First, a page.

Atheists – my crowd, though I never tire of giving them shit – like blaming religion, specifically monotheism, for all the ills it advocates and assists in spreading in society. There is no need to go over the list, right? They accuse it of causing most wars, of assisting the spread of AIDS in Africa, of persecuting homosexuals, of spreading harmful ideas about human sexuality and the human condition, etc.
And it’s all true, but religion is merely an agent here, not the cause. If they want to blame anything, they should be blaming life, evolution, the human condition. Ideas – memes – evolve in response to evolutionary pressure, and we can do nothing about it. Religion does not choose to evolve, people don’t choose to advance certain ideas over others, there is no choice involved. You cannot control the physical forces that create your thoughts and your personality, and similarly, you cannot control the forces that mold society.
Resisting the commonly accepted ways will result in failure to survive, so the ones that survive are the ones that comply.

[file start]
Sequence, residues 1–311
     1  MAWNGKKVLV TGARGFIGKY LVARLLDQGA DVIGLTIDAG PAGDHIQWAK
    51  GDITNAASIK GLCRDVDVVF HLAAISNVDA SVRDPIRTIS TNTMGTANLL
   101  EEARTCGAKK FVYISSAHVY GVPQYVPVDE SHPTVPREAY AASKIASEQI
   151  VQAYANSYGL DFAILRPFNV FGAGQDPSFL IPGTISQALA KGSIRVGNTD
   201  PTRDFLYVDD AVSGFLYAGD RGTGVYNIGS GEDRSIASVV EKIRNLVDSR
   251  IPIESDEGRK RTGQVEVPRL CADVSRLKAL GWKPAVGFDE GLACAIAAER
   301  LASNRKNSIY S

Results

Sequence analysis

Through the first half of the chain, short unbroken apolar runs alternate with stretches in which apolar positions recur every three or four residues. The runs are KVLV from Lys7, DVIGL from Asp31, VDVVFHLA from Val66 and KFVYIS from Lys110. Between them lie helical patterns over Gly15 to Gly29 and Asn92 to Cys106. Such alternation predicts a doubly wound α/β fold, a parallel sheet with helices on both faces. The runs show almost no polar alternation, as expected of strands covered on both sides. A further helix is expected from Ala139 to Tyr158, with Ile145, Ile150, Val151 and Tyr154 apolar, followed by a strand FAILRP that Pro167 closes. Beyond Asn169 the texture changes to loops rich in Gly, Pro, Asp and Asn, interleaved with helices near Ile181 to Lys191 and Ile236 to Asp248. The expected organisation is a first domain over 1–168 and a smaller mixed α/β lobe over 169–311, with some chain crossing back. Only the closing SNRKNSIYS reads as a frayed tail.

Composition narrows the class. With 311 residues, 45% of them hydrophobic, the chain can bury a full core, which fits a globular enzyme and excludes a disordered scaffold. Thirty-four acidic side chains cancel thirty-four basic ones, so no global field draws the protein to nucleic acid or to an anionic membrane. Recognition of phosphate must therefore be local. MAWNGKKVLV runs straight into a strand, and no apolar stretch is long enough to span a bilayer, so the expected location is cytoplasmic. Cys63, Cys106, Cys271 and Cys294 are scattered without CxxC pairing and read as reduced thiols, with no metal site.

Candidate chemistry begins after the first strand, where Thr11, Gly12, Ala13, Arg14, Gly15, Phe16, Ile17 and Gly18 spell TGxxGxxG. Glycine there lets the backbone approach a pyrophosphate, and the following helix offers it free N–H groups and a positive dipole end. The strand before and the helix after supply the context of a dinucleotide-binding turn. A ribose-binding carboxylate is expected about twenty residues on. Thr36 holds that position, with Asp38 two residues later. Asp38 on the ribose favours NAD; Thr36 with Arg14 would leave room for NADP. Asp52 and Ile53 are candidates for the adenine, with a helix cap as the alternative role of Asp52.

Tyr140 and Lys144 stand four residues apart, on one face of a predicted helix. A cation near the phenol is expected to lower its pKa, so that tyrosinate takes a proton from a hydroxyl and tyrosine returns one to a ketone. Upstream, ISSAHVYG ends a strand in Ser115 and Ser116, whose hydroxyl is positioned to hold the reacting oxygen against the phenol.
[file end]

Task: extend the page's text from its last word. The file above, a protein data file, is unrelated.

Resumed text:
Richard Carrier, in this podcast, talks about science and general political trends in the late Roman Empire. It appears that all the negative trends that we tend to associate with Christianity and with religion in general – like anti-intellectualism – already existed in Pagan society, and that the introduction of Christianity had been more a response to this social change than the cause of it.
And, BTW – polytheism (paganism) is also a religion (or a broad definition for a whole category of religions and belief systems). Monotheism is simply more centralized, suited for empires, its ‘evils’ are more pronounced, but this is no reason to idealize polytheism.
Unless you wanna take society back into the Stone Age (animism and early polytheism), to which I say: why not?
Carrier also compared the conditions in the Roman Empire following the crisis of the 3rd century AD to those of the Wiemar Republic (the entity that preceded Nazi Germany) in the 20’s and 30’s: an economic depression (which, in Rome, lasted 50 years), the same draconian measures undertaken by the state to control it, the same extremist thinking emerging as a result, which culminated, in Rome, with the adoption of Christian totalitarianism.
History repeats itself, but the patterns of this repetition are not simple.